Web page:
It's that time of the year again! Thanksgiving is done, and we're closer to Christmas, Hanukkah, and New Year's than you'd like to believe. That doesn't typically mean a whole lot for musicians, but there's actually a huge market for holiday music – so if you're smart, it might mean a lot to you. While Christmas music (and the like) isn't often thought of as particularly "cool," spending some time in that world can actually be a sound business decision, and it's something that you should think about. Why? Well...
1. It's reusable
It’s unfortunate that I need to even say it, but most music doesn't stand the test of time. That isn't to say that it isn't good or that people won't like it for years to come, but most music has peaks in popularity, and then it dips from there. Any artist with a following knows that interest is at its most intense when new material is about to be or has just been released, but after that it typically drops off. It's just the way of the world in which we work. Sorry.
Interestingly, holiday music doesn't follow the same rules, and people listen to the same tracks and albums time and time again – though usually only during a couple months in the year. The holidays carry a certain amount of nostalgia with them, and people love tradition and repetition around this time of the year. So, if you do things right, your Christmas album, New Year's EP, or Hanukkah single could become a family favorite, and it could be introduced to people for years to come. Unlike almost all other forms of music, holiday music rarely feels "old," which can make it more valuable to you as a creator.
Consider Mariah Carey's "All I Want For Christmas is You," or the best-known renditions of standards like "Have Yourself a Merry Little Christmas" – they may be decades old, but they continue to sell well year after year.
2. There's a demand for it
Sure, one could argue that there's always a demand for music, and that's true, but holiday-themed music is in a league of its own. For example, if you take a look at the most successful Christmas albums released every year, they have plenty of overlap in terms of the songs on them. The classics and the standards get re-recorded over and over again, and nobody seems to mind. In fact, the masses seem more willing to pay good money for slightly altered or newer versions of the tunes they grew up with and that they love the most, whereas newer ones are regarded with skepticism. No matter how many reworkings are released, people snap up whatever's out that year without fail.
3. It's a great break from your usual creation process
Creating music is rewarding, but tough – especially if you're working on releasing the kind of music that could appeal to a wide audience. While many musicians feel the urge to create, that doesn't mean it isn't emotionally and mentally draining. Crafting covers and remaking standards can be a different task altogether, as part of the work is already done for you, and that can make things a bit easier.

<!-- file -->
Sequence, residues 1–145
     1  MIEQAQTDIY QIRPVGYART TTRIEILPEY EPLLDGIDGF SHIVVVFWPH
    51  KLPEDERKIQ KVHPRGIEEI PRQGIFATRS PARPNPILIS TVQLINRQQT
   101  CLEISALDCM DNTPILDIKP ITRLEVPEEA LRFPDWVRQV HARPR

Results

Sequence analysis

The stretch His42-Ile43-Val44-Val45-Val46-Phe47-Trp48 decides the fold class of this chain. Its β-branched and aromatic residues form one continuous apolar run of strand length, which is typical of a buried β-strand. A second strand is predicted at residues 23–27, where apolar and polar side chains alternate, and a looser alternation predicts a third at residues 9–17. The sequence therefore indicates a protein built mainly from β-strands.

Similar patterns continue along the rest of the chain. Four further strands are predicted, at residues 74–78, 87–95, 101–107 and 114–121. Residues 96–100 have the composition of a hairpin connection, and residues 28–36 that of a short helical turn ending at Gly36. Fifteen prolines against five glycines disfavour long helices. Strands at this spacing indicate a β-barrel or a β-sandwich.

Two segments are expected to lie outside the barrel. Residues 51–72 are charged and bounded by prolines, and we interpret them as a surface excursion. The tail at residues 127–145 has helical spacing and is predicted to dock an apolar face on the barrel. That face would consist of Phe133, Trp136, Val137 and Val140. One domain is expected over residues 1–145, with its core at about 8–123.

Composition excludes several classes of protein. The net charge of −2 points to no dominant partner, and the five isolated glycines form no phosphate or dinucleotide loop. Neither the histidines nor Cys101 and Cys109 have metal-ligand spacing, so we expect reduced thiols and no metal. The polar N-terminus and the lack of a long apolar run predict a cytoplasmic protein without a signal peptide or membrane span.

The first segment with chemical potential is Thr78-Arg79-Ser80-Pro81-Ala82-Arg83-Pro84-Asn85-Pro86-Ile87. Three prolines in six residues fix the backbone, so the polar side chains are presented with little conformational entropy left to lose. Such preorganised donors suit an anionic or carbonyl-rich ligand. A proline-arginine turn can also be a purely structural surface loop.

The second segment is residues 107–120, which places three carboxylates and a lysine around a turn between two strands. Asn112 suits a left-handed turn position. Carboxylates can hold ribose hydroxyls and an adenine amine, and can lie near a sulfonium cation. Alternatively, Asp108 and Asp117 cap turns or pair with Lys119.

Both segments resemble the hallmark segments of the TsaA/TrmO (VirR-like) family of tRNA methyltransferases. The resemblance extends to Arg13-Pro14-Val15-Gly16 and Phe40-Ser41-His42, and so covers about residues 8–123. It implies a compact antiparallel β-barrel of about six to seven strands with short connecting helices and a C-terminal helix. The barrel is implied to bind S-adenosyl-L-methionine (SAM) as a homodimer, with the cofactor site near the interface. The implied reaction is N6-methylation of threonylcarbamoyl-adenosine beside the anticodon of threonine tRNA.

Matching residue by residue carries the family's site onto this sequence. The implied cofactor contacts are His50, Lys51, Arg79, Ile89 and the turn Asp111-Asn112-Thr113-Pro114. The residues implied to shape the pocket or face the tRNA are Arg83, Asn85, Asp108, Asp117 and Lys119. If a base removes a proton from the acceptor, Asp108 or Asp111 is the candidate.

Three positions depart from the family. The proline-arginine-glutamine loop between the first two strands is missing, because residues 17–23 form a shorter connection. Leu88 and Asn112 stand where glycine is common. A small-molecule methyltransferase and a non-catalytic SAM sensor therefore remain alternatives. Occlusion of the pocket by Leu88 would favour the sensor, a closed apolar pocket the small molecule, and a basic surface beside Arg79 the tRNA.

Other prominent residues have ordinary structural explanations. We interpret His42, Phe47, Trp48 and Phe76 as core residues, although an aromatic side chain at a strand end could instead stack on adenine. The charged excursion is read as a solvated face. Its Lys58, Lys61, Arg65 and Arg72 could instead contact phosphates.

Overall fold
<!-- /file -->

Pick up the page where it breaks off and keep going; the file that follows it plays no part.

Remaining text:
Taking a short break to do something totally different is good for your mind, and when you go back to your regular work, you'll be refreshed and ready to tackle the tricky business of making great music renewed.
4. You can tour on it!
By now, you must be aware that playing live is one of the most important ways to make money (if not one of the only ways), but there are only so many shows you can play. This is because, well, you're a human being who has limits, and because you can't keep asking your fans to pay time and time again to hear the same songs. Every new album provides another opportunity to trek across the country, but those only come along every few years or so.
If you're thinking of going the holiday music route, consider that if you release a collection, it's another opportunity to play live. There's a good chance that you'll be able to get some of your fans – and some new people who don't know you well – to come out for a special holiday-themed show. You can have a special night with your biggest fans, and make some new ones in the process. Win, win, right?
Hugh McIntyre is a freelance pop music journalist in NYC by way of Boston. He has written for Billboard, The Hollywood Reporter, and MTV, as well as various magazines and blogs around the world. He is also the founder and editor-in-chief of the blog Pop! Bang! Boom! which is dedicated to the genre of pop in all of its glory.